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TV Review: Hugh Laurie Hosting Saturday Night Live

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Disclaimer: I am one of the millions of Americans who discovered Hugh Laurie on FOX's House. I am a fan of both the man and the show.

I was still chuckling the next day over the sight of six-foot-three Hugh Laurie in drag, wearing a super short skirt and three-inch-spike heels, jumping onto a hospital bed during a skit on Saturday Day Night Live the night of October 28. It was so silly, and Hugh seemed to be having a good time. It was very much more British than some of the other skits (drag is standard British comic fare); maybe that's why he seemed more relaxed than earlier in the show.

I am no fan of SNL. I never even watched it in its heyday. I only watched this episode because Hugh Laurie was hosting, and I must say, it wasn't all that amusing, even with Hugh. How do they write this show? They have writers, I know. But do the guests get to collaborate? In a way, I hope not, because the opening monologue was unexceptional, and I know Hugh can do better (he co-wrote his hit comedy sketch series with partner Stephen Fry, A Bit of Fry and Laurie, after all). The monologue had a few humorous moments, like when Hugh was trying to explain he was from England and could he please have a map to point out where it is, and they rolled out a map of the United States. But his calling the audience "Sweet Cheeks" made me wince. It was a pale imitation of what he and Stephen Fry once did at a benefit concert, where they called the huge (tens of thousands) audience "Colin." (Colin seemed to be their amusing generic name for anyone and anything, and it was much handier to name that large a crowd than the hundred or so who fit in the studio of SNL.)

Hugh seemed genuinely embarrassed by the huge response of the crowd when he was introduced, but he got through the monologue. The first sketch up afterward, of ghost busters thinking a fart was a communication from the afterlife, was a cute joke that went on too long. The skit of Hugh being the guy who travels ahead of the Queen and makes all her strange demands known wasn't very comical to me, but Hugh did so much better than the woman in the skit with him. He sang his song "All We Gotta Do" nicely and even elicited a laugh from my husband, but he did it better on ABOFAL, where it first appeared. During the drag sketch, though, Hugh seemed to hit his stride, and he gave an energetic performance in the last skit, even though it was a pretty unfunny shtick about lawyers who make strange noises when happy.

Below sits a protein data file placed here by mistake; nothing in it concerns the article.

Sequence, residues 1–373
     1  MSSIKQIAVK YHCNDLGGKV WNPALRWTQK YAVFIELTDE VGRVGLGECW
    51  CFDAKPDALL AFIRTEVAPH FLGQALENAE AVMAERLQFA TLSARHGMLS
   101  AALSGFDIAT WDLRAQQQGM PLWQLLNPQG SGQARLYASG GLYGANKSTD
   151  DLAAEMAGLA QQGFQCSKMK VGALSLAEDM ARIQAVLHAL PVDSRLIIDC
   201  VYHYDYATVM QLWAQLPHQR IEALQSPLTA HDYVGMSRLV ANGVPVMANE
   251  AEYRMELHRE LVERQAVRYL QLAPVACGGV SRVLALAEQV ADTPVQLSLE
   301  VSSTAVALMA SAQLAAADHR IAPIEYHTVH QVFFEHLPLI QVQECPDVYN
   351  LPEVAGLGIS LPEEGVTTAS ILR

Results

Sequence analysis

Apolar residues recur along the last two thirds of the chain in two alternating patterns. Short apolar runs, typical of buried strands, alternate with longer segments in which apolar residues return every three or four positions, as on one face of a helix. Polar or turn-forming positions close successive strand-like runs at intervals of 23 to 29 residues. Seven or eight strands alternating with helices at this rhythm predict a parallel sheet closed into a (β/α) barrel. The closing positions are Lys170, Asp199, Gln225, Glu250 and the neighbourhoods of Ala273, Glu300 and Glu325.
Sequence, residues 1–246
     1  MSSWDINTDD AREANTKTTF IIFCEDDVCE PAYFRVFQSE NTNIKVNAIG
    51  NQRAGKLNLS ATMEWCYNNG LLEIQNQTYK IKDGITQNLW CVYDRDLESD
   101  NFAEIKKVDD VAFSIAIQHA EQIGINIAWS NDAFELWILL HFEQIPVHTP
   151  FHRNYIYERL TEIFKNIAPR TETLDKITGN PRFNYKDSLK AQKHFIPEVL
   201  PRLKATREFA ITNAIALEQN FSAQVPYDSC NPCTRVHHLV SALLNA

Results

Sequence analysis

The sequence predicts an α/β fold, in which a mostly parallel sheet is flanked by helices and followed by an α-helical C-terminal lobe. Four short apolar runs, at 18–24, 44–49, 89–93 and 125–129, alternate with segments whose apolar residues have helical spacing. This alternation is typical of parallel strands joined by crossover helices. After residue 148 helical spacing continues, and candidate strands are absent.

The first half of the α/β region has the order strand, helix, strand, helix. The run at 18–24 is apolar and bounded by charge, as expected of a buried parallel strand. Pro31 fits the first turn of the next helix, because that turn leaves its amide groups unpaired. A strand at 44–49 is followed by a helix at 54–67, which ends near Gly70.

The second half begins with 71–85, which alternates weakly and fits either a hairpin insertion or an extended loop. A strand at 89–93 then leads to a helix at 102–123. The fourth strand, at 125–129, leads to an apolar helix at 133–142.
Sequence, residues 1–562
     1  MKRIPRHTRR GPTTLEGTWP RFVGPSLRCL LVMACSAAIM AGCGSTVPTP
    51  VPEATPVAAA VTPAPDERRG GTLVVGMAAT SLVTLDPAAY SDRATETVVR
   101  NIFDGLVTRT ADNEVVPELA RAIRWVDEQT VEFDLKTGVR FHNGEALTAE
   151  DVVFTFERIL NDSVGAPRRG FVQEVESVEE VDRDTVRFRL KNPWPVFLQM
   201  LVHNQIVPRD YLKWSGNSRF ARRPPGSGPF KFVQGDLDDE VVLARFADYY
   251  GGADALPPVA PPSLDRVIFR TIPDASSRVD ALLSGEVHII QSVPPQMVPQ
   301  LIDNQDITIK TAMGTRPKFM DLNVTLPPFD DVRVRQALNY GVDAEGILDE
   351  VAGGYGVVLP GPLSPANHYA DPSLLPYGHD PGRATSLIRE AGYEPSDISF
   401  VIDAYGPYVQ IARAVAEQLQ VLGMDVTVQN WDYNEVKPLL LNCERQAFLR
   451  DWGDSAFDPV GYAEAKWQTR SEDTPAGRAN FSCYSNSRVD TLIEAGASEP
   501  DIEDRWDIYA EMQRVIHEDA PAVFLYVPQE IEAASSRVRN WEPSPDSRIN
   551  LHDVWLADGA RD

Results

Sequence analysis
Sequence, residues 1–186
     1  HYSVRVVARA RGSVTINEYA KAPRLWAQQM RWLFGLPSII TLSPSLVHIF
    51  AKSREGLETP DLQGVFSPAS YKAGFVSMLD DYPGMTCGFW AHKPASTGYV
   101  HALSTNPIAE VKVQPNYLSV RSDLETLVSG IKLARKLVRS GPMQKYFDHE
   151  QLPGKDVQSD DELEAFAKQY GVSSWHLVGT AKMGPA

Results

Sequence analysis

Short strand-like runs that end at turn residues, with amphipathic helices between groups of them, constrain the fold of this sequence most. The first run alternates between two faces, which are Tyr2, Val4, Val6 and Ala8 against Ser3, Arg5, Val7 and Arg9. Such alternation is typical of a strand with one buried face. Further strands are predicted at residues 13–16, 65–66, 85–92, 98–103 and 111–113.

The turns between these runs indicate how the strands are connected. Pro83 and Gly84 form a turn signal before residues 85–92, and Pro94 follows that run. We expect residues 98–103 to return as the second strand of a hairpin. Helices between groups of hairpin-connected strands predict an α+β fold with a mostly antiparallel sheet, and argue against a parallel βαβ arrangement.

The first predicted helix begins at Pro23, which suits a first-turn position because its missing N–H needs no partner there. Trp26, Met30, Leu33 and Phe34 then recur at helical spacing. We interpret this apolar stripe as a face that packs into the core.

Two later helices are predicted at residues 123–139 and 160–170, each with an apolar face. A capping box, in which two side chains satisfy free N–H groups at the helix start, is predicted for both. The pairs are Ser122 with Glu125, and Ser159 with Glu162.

Overall, I think Hugh Laurie acquitted himself well and proved he hasn't lost his comic chops. (He really is game, having also done Inside the Actor's Studio this year, as well as playing a silly game about etiquette on Ellen DeGeneres' show.) SNL, however, blew its chance with me, an infrequent viewer who could have been convinced to watch more often. How it continues to go on and produce successful spinoffs is beyond me.

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About Nancy Fontaine

Nancy Fontaine is a librarian and freelance writer living in New Hampshire with her husband, two cats, and every four years during presidential primary season, the national press.
  • Ellen

    I agree! I stopped watching SNL after Mike Myers left, and now I know why. The opening skit, about the fart joke, went on for what seemed an eternity. Hugh seemed so far above his material! The skit with him in drag was hilarious, though, if only for the sight of such a tall drink of water in such a short, short skirt and such high, high heels!

  • I only watched because of Hugh Laurie, too, and it made me realize why I stopped watching SNL. I liked the opening monologue and the Queen sketch, and have to admit I laughed at the fart sketch, though it went on way too long, and loved his protest song (though it’s from A Bit of Fry and Laurie so many of us rabid HL fans had heard it before). But other than that, even his presence couldn’t sustain my interest.

    And I couldn’t believe they didn’t do a House parody. Maybe he didn’t want to, but it seemed like a huge missed opportunity. How could you go wrong with the man himself mocking his biggest role?

  • LOL, Ellen! A tall drink of water indeed! He has great legs…

    Diane, I laughed at the fart sketch too. I don’t mind that they didn’t mock House, though. I’m not sure why. Sombeody on British TV did some great House parodies (which I saw on YouTube). SNL would have butchered it, I think.

  • HouseNut

    I too only watched SNL to see Hugh. I think I may have enjoyed his performance much more if I wasn’t already a Hugh Laurie Junkie and if I hadn’t saturated myself with every and anything that he’s done. I think if I’d seen him perform the parody song from Fry & Laurie on SNL without having seen it on Fry & Laurie, I’d of been in total awe. I kinda envy those who didn’t know this other side of Hugh already. The last sketch I thought was the best. I totally enjoyed seeing Hugh in drag. The sketch wasn’t funny, but Hugh was. I was expecting a House parody and I kinda wish they’d done one. Why they missed that opporunity I haven’t a clue.

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